Hearing loss affects 25% of individuals aged 65 to 75 and 50% of those aged 75 and beyond; however, hearing aids are still not considered durable medical equipment and are not covered by Medicare or most private insurers.

Hearing aids are categorized as Class I or optional medical devices. Class I medical equipment is not medically necessary by definition. Hearing aids do not qualify since DME only covers medically necessary equipment. If you are concerned about the expense of hearing aids because they are not considered Medicare-approved durable medical equipment.

Does Your Health Insurance Cover This?

If a private plan covers you, you may be insured. The government does not mandate that commercial insurers provide DME coverage. You must evaluate the parameters of your strategy to determine whether or not it does.

Many plans that do include DME have coverage limitations. They may ask that you get your equipment from an authorized vendor. The majority maintain supplier databases on their public-facing websites.

Others may not impose a requirement but may have favored brands. If you purchase from a non-preferred vendor, you may be subject to additional rates or fees. Whenever possible, you should purchase a product from a favored brand.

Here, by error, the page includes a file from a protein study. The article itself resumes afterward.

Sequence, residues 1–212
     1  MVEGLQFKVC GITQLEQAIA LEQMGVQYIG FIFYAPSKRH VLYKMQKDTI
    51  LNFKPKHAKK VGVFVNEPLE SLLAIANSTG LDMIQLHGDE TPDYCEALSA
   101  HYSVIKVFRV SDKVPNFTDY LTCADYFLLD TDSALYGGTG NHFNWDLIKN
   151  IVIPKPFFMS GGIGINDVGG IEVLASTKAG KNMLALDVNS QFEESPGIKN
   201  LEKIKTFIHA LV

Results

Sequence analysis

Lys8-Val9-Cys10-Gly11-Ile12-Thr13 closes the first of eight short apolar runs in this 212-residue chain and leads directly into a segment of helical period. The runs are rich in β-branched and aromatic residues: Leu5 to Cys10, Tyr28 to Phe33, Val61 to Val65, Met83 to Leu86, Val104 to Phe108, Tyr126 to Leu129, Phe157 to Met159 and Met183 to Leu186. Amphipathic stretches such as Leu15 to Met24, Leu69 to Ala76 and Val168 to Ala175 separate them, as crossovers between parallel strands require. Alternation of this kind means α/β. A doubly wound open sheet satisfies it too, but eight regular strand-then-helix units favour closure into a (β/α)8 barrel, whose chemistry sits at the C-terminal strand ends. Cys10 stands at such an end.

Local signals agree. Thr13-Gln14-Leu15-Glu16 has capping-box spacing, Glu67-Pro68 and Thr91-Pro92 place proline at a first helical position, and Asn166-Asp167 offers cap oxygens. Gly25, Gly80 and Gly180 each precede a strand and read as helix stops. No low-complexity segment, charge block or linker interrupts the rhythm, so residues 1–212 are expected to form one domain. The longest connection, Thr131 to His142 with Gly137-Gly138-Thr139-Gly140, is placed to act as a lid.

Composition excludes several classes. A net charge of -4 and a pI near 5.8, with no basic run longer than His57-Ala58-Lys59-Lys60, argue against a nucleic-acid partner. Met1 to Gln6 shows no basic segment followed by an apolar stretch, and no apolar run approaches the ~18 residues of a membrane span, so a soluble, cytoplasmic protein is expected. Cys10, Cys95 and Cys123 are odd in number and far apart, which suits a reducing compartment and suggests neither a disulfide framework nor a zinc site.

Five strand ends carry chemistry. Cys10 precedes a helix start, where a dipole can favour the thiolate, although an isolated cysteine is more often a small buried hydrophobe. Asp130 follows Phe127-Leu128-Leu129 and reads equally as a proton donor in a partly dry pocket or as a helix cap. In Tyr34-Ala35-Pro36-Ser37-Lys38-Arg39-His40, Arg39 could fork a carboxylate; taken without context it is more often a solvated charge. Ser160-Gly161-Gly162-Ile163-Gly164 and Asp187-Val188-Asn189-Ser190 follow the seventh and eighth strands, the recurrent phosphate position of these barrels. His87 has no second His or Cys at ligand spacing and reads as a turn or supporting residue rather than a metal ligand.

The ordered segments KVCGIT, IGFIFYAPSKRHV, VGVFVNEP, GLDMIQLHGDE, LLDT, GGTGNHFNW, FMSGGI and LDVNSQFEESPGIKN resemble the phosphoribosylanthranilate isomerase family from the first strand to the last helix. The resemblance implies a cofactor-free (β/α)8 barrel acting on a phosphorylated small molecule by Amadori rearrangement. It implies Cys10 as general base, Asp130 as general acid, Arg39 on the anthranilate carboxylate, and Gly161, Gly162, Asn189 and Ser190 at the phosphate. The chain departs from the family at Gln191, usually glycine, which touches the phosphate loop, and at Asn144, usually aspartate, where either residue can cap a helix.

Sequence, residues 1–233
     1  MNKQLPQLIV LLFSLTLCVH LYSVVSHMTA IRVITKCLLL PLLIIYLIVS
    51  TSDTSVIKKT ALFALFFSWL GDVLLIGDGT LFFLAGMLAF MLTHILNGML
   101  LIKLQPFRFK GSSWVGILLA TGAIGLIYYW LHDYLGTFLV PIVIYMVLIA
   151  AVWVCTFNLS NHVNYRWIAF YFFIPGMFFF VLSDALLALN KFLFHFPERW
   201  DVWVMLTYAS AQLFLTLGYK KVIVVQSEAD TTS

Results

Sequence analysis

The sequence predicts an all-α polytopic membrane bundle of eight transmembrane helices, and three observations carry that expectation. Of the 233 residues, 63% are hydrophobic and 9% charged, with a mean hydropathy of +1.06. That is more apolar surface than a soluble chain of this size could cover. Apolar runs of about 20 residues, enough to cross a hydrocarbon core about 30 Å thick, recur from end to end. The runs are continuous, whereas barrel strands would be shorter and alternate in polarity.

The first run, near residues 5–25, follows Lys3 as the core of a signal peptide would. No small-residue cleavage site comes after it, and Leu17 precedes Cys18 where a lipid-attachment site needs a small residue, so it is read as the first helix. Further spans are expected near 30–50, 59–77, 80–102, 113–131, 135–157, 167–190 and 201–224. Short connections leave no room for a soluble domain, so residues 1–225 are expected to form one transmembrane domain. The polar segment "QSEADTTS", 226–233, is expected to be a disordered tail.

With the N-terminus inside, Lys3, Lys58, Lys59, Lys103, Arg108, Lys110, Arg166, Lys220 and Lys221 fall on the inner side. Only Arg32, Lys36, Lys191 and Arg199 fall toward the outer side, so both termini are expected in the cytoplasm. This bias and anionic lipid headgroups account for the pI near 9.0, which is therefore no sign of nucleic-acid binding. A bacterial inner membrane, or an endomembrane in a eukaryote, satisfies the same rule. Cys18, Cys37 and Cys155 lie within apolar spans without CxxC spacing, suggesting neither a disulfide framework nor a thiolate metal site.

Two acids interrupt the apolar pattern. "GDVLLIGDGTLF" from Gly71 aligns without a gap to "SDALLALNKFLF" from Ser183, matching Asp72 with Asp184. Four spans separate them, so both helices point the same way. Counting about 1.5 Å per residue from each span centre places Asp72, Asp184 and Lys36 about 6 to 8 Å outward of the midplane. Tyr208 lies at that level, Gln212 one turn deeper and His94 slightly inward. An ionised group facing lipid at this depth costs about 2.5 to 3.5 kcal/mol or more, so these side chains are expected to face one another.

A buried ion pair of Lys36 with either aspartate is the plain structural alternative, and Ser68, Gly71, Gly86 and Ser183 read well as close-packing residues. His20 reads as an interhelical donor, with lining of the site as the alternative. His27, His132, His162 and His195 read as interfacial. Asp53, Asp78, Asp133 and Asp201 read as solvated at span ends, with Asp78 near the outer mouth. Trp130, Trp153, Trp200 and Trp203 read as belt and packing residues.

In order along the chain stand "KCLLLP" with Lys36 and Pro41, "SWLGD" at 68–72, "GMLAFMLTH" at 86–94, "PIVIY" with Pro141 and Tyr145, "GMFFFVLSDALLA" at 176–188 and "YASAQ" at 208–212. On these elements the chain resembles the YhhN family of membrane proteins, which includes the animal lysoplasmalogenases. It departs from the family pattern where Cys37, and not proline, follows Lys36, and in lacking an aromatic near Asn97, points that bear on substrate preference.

You can reduce future expenses by renting equipment rather than purchasing it. It is possible to rent hospital beds. Consult your physician to determine if this is an option for you.

What is DME, then?

When preparing for home health care, individuals have a multitude of questions. What exactly is DME?

It is adaptable and durable medical equipment that improves the quality of life. Complementing hospital beds and glucose monitors are wheelchairs and scooters.

Does Medicare pay for this? Original Medicare and Medicare Advantage both offer coverage. However, a patient must have a prescription to obtain it.

Coverage by private insurance? The majority of plans cover wheelchairs and mobility devices.

What other alternatives exist?

While DME Providers offer products that are typically covered by Medicare and Medicaid and typically work with insurance companies to handle payment, multiple mobilities, and accessibility equipment providers exist to fill the void for equipment that is typically not covered by insurance or for individuals who do not meet the eligibility requirements for DME use.

Accessibility and Mobility Equipment suppliers supply items such as stairlifts, lift chairs, ramps, power scooters, and vertical platform lifts for residential use. This equipment assists with typical age-related difficulties, such as ascending and descending stairs, standing up, and walking long distances. The majority of these enterprises sell directly to consumers, bypassing insurance entirely.

Although out-of-pocket expenditures for such devices may deter some buyers, it is crucial to consider the alternative costs of moving into a new house, entering an eldercare facility, or incurring medical and emotional costs due to a fall.